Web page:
The Case of Simon Lundström

The headline seemed intriguing enough: “Manga Translator Appeals Child Pornography Charges”. The story: Simon Lundström was prosecuted in Sweden for being in possession of child pornography images. Mr. Lundström was a Swedish translator, apparently a Japanese into Swedish translator of manga comics. The story articles, vacuous as they so often are, of course do not reveal anything of the important details: who was this Simon, apart of some Swede accused of possessing child pornography, and why did he translate these comics? Was it commissioned work or was it for his own pleasure? Was said pleasure limited only to the pleasure derived form the art of translating by a translator, or was he in fact a pedophile?

The incriminating images found on his computer belong to a style of manga called “Lolicon”, short for Lolita complex. The case is interesting because the man is being judged solely on the possession of the images and not the reason for said possession. If he indeed was just a translator, then that could justify him possessing said images. I can only imagine Simon, the translator, utterly perplexed and shocked, pitifully sitting in court with puppy eyes wondering what happened to him: one day he was a translator, going about his business, a rarity, working with that improbable language combination; the next he is sitting in court talking to his lawyer, being eyed with suspicion and disgust at the local supermarket.

In reality Simon is a leading manga expert in Sweden. He possessed about three million manga images, with only a few dozen portraying the offending material. He also happens to be a translator of manga and taught manga classes. My questions are partially answered. But not quite. Can he still claim he possessed the images for work reasons, much like the members of a pedophile-busting operation might possess related images? The law will decide, but he is already suffering the consequences. If he is found guilty, he will have to pay a fine of less than a thousand euros, but his reputation has been tarnished and he has already lost his job translating for his biggest employer. Furthermore, he will no longer be able to work as a manga expert in Sweden.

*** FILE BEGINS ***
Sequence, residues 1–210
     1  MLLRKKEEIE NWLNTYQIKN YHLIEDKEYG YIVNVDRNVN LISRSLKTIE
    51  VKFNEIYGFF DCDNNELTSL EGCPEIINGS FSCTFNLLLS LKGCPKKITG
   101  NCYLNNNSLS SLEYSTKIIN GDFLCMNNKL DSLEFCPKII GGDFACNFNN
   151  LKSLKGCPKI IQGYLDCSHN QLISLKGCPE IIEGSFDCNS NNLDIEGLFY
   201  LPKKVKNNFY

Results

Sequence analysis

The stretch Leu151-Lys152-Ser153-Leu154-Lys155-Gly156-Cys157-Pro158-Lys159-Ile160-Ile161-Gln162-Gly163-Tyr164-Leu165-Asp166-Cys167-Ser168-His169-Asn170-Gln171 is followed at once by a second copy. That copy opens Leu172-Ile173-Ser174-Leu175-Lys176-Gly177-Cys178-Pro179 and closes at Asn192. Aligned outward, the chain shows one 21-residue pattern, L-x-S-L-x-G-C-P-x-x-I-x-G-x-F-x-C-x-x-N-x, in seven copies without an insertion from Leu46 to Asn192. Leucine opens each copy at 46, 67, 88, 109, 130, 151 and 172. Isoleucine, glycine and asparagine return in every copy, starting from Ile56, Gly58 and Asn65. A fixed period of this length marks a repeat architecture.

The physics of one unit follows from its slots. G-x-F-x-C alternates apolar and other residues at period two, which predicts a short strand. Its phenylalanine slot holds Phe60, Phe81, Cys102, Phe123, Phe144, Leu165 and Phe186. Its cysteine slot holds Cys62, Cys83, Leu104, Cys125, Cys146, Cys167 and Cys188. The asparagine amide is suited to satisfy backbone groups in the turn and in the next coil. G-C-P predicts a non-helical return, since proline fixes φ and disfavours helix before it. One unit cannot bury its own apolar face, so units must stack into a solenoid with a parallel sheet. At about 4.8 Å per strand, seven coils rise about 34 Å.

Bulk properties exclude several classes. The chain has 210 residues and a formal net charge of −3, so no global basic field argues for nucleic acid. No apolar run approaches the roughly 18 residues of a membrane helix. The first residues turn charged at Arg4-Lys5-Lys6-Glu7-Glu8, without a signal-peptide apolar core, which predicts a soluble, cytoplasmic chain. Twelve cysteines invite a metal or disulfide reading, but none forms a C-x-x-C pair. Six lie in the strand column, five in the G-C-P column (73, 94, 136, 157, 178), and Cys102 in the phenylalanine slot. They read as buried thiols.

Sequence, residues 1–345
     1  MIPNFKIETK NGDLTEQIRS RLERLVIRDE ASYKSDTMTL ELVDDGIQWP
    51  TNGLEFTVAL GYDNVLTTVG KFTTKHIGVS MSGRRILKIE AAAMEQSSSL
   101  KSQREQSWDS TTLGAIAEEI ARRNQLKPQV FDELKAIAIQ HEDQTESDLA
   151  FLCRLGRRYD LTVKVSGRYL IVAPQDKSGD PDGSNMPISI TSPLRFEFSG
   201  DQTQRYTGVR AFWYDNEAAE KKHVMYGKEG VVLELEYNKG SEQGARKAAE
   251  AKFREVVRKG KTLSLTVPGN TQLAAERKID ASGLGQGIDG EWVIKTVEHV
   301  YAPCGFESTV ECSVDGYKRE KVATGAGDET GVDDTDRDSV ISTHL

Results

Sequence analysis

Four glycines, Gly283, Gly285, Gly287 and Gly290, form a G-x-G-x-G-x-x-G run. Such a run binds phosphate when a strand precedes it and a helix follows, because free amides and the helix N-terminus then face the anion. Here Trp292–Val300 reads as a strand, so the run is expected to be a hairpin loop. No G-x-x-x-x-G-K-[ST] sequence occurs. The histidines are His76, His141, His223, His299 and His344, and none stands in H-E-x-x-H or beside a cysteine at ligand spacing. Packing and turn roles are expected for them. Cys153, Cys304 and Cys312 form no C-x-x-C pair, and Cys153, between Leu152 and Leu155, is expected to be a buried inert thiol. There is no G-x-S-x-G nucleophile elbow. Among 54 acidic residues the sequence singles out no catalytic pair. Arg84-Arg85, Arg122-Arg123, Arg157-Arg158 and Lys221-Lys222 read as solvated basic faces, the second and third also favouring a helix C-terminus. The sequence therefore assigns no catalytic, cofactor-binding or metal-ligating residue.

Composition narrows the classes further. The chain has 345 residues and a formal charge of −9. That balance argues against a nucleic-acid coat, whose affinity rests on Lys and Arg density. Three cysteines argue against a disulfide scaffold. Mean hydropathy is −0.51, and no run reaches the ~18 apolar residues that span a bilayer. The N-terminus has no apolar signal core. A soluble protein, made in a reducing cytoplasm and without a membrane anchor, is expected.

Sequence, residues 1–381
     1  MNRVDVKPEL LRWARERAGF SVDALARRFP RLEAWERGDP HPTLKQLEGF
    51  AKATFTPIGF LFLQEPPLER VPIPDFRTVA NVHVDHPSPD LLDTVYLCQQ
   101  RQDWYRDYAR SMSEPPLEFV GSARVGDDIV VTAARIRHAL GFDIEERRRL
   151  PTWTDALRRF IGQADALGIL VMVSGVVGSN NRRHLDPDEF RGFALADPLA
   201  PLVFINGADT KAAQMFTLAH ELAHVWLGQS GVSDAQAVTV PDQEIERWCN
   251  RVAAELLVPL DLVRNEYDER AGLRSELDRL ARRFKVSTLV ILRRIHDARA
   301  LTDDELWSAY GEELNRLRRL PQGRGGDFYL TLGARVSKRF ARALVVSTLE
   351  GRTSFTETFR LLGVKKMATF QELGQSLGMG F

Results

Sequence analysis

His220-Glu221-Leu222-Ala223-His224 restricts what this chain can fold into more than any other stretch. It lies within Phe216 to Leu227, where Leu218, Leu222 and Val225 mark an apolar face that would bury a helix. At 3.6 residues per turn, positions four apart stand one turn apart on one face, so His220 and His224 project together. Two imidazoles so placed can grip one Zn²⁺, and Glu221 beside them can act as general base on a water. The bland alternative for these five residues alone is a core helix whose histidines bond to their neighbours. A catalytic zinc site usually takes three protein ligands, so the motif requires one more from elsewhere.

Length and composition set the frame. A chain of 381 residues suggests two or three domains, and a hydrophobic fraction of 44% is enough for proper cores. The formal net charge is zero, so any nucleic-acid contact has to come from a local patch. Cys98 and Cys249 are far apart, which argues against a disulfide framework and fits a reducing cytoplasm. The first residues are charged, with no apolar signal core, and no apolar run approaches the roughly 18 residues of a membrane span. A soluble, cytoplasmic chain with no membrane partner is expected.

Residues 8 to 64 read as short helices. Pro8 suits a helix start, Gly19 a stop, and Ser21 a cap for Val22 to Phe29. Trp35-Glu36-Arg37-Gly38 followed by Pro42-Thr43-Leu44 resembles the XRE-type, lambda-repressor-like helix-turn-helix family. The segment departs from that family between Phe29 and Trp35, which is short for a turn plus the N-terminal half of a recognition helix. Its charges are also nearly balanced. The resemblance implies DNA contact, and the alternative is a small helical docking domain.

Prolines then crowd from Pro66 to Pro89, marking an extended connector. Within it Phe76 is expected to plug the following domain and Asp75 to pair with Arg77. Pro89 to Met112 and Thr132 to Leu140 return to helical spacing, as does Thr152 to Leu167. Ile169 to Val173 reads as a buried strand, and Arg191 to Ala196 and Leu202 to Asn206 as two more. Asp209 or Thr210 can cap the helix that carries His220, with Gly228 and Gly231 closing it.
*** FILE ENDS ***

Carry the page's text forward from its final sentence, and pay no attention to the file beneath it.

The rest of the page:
Looking beyond the undeniable horror of child abuse, the case presents some interesting subtleties about legal systems and their interplay with societal perceptions of guilt that should not be overlooked. For example, are the consequences he’s suffered on a par with the crime Simon stands accused of? While it is true that he has violated Swedish law and will be made to pay by the authorities, his accusation has earned him opprobrium and unemployment. Would it be possible to justify his possession of the images from a purely research-oriented point of view? Should someone who has made a living from studying a particular art style and comic genre as part of his wider cultural studies of a country be chastised for what may be an attempt to understand all aspects of that culture and genre?

Most of us would readily agree that anything that hints at child abuse and sexual crime should be banished and eliminated from existence. Yet it is also difficult to draw a line between true perpetrators and artists, scholars, writers, and the like. Does possession of hand-drawn images indicate intent necessarily? Simon will now forever be labeled a deviant. Is he truly a deviant? Perhaps not. Perhaps he actually was just a researcher, a scholar. Or perhaps his possession actually did hint at a perversion that needed to be curtailed. It is difficult to tell. But by this same standard, if I were translating a text, say a novel or article, where it is discussed how to make a bomb and I download research text and diagrams for linguistic and visual reference, could I be accused of planning a terrorist attack? This is one of the questions that I find most interesting about Simon’s case, because whatever the truth of him, it seems no attempt has been made to understand his character better, the reasons that led him to search for this material and save it on his computer. I think it would befit translators and scholars alike to consider these wider implications of this accusation.

Read more:

The Local

The Escapist

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